FAHE 2023 Conference Call for Proposals

44th Annual Meeting of the Friends Association for Higher Education

Quakers, Colonization, and Decolonization
June 12-15, 2023

Hosted, in-person and over Zoom, by Haverford College, Haverford PA

Call for Proposals

Proposal submission deadline: March 31

Proposal submission form

Questions? Email: FAHE_Annual_Conference@quakerfahe.com

On June 12-15, 2023, FAHE will hold its annual conference  on the campus of Haverford College. For those who are unable to attend in person, some sessions will be available online.

The FAHE Program Committee invites proposals from Indigenous people, Friends, and academic  faculty, staff and administrators for papers, panels, or workshops related to the conference theme  or other related topics reflecting Quaker concerns in higher education.

As a tool for seeking truth as part of corporate discernment and decision-making, Quakers offer queries to provide focus, direction, and inspiration. Queries to consider in envisioning and crafting proposals include:

  • What is colonization? What has quakerism’s relationship to empire, colonization, and colonized peoples & lands been over the past 4 centuries?  Can colonization/colonialism be a good thing? How do the roots of our colonial histories survive in our communities & continue to feed our institutions, our beliefs, and our practices as Friends, Friends’ institutions, and institutions of higher education?
  • How can current quakerisms survive the anti-colonial critique of both anglo-american empire and christian empire (eg, Gerbner)?
  • What are colonization’s “master’s tools [that] will never dismantle the master’s house”? (Audre Lorde 1979)  How does quakerism continue to serve colonization & empire? What role does christianity play as an imperial tool? How does our english language & culture maintain settler-imperial thought & attitudes?
  • What is decolonization? How has this concept been helpful to our work? How has it been misappropriated and misused?  What actions are we taking to decolonize? What gets in the way?
  • Is decolonization always good? Is empire always bad?  What does decolonized quakerism offer indigenous people? — settler people?
  • What is indigenization? What attraction does quakerism have for indigenous people? Is there agreement among indigenous Friends on the values of empire, decolonization & indigenization? What responsibility does quakerism have for returning Indigenous life to the way it was before colonization, before conversion? Can Friends apply quaker ‘universalism’ to affirm the inherent goodness in Native religion and promote its return as equally or more truthful and enlightened as christianity?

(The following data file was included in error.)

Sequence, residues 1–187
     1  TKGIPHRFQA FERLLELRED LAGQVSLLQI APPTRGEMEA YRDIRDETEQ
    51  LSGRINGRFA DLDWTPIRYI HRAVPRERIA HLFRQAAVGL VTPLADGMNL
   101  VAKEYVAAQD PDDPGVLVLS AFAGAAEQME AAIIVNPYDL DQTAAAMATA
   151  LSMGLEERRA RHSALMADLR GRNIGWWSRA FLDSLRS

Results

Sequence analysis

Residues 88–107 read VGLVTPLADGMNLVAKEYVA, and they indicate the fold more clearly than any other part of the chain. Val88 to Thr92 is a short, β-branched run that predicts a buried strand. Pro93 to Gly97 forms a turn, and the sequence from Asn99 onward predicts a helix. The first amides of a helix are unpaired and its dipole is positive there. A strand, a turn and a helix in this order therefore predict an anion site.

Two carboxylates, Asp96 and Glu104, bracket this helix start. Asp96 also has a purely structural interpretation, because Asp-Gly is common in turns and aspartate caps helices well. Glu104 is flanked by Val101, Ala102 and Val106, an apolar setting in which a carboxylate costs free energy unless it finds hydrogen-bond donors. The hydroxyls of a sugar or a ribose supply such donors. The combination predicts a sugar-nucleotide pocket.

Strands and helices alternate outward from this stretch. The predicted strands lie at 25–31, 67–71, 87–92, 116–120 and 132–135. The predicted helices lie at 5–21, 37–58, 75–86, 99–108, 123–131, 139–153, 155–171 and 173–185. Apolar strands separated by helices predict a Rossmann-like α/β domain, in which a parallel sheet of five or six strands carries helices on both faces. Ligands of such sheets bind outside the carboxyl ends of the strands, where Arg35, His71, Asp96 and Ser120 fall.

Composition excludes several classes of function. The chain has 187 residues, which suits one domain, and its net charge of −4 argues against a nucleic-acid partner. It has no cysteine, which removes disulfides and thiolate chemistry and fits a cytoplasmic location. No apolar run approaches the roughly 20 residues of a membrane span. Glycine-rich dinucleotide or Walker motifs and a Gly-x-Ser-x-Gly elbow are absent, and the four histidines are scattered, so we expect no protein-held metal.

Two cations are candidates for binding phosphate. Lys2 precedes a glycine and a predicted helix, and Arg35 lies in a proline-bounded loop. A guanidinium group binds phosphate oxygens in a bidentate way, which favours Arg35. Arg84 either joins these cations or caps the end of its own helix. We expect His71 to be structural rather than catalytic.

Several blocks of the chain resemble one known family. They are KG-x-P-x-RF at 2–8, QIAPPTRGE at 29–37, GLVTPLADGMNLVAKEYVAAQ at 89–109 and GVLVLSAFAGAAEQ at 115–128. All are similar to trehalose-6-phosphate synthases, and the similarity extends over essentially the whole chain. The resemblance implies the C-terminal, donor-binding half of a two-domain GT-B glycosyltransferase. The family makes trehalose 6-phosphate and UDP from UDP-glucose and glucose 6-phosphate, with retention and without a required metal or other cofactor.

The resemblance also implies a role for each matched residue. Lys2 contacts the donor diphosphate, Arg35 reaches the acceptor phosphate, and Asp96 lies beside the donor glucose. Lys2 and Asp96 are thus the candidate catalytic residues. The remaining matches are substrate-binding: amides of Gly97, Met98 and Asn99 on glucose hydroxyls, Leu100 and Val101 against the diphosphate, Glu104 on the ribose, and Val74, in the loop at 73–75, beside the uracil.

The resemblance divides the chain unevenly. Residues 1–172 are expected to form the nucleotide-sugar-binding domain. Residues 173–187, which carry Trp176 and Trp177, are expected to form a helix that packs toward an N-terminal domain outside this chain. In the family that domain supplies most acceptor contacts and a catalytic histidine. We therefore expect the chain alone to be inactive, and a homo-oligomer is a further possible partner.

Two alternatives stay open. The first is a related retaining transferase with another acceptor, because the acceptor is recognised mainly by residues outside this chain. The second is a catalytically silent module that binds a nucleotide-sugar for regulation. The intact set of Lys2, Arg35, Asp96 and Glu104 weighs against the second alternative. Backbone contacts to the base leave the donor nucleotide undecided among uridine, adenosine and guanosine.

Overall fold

• How does the quaker value of universalism inform the cultural limitations of traditional colonial-settler quakerism’s single story of christianity? How do Friends integrate & center indigenous stories into friendly practice?
  • What messages (knowledge, experience, challenges) can indigenous people who have suffered the impacts of colonial & imperial oppression bring to this conference? What are the responsibilities of quakers who have benefited from or even perpetuated these oppressions?
  • What research is being done concerning land theft that benefits our colleges, our meetings, and our institutions? What efforts are being made towards repair/reparations? What important research is not being done, and why?
  • What curricular and co-curricular programs are we developing that effectively explore the growing edges of this field of decolonization & indigenization?
  • How can Quaker academics and Quaker institutions support the movement for healing the trauma caused by Quaker Indigenous boarding schools and colonial-settler assimilation & cultural genocide?
  • How can this work be done justly, with integrity, and with respect for and participation of impacted peoples?
  • How do indigenous truth and justice prosper among us? What do indigenous love and truth require of us?

Papers, panels, and workshops can explore these issues as well as other areas of participants’ research.

The FAHE Program Committee requests your submissions by March 31, 2023.  If you have any questions, please email the program committee at:


Proposal submission form:  https://docs.google.com/forms/d/e/1FAIpQLScG6ld6-V7Flz9aIPcKpYqnpK9-m-k50EcRxVxftpOjAMpnoA/viewform

The Friends Association for Higher Education was conceived in 1979 by a group of educators seeking to bring together faculty, staff and administrators at historically Quaker colleges and universities, as well as Friends teaching at other institutions. Since its founding, FAHE has met annually at Friends institutions of higher education around the US and beyond, engaging educators and scholars in ongoing dialogue around Quaker concerns in higher education. From the very beginning, Friends have embraced a strong commitment to education, and Friends schools and colleges have attracted and welcomed both Quaker and non-Quaker educators alike who resonate with the historic Friends commitment to educating the whole person, guided by the Quaker testimonies of simplicity, peace, integrity, community, equality, and (especially in recent decades) sustainability.

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